Plato quoted Socrates in the Philebus: “I think there is a lot in the proverb about the need of repeating a good thing once and twice and once again.” Here is a concession to weakness of the flesh. To repeat an action once or several times will start to form a habit. Habit is a means of solidifying behavioral patterns so that they can reliably be repeated. However, we have become used to disparaging this element within ourselves. “Dumb habit” or “blind habit”, we say. Habit, in fact, is not blind or dumb; it is the body’s own intelligence. The mechanism of habit allows mind to impose its design upon behavior with some degree of permanence. Habit is a means of stiffening the weak medium of body so that it will retain an impression stamped upon it by experience or, in the case of the brain, its remembered knowledge. Therefore, while the Greek philosophers tended to regard habit as belonging to man’s lower nature, they also recognized that this part of the psyche was needed to hold a rational design. It was a way of giving ideas a more durable presence in the world.

Habit describes the way that mind works: by chains of associated acts and ideas. One thought is linked to another; and this to still another thought. The particular linkage may be determined by an element common to the thoughts or by a chance association which has developed from past experiences. For example, a man hears a noise, looks out the window of his home, and sees an automobile coming up the driveway. The next time that he hears a similar noise, he may look out the window and think of this automobile. The association between the noise and the sight of the automobile is implanted in the mind with a single occurrence. The next time that these events occur in the same sequence, the association becomes stronger. The same is true of physical motions. A child pulls up his shoe laces, wraps one over the other and pulls the end through, forms two loops, makes a similar wrapping and pulling motion, and finally pulls tight on the ends of the loops to create a secure knot. He has learned to tie his shoes. If this series of actions is performed enough times, a habit is formed. Once the sequential associations have solidified to that degree, the initial awareness sets off a chain of mental impulses bringing the rest of the routine. No further thought is necessary.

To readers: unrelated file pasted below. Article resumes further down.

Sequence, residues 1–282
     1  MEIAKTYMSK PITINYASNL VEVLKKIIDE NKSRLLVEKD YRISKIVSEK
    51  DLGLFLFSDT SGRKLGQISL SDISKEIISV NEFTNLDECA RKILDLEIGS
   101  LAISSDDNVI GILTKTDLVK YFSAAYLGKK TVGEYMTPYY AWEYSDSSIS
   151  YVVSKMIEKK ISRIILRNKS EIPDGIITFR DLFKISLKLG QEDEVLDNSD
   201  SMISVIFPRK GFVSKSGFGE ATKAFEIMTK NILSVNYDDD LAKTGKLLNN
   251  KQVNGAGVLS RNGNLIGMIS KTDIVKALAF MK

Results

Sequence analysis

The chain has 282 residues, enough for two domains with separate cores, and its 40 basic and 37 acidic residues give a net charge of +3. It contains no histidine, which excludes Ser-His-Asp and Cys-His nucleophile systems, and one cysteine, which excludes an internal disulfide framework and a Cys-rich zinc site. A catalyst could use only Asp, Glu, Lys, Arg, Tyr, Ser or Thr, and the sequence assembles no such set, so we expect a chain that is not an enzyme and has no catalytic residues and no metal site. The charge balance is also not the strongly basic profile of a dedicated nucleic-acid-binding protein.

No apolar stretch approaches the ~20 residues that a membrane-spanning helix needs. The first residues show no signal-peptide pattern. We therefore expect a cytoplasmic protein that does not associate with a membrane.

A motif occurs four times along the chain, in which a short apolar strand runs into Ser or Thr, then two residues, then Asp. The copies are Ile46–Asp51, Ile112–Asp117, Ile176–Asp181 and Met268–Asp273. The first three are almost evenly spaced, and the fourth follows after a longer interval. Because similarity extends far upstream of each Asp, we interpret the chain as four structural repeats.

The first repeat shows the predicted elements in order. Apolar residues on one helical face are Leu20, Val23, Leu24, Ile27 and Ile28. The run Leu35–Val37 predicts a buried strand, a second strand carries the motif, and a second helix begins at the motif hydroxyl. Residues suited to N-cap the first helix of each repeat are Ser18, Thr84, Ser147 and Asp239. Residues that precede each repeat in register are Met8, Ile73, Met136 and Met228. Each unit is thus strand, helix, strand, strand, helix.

It should be pointed out that initially habits were established by conscious thoughts. Habit and reason (or active intellect) are not opposites, as it is often supposed. Rather, habit is intellect in past tense. The conscious mind works on problems when they first appear. After the solution is found and is repeated several times, habit takes over. Thoughts which were previously connected with the process of a solution no longer rise to the level of consciousness. Unless new difficulties arise, their habitual remnant is able to carry the activity along to completion. Unconscious psychic mechanisms handle the process automatically. This dichotomy between reason and habit can be compared with bark growing on a tree. The bark is the live part of the tree. Each year that bark grows on the outside of the trunk, it deposits another layer of wood. The wood, towards the interior, is the dead part of the tree though it also provides its main structure of support. The tree is harvested for the sake of the wood, not the bark. Similarly, dead habits are created by the onward development of live intellect. These habits comprise the substance of our knowledge, skills, and personality.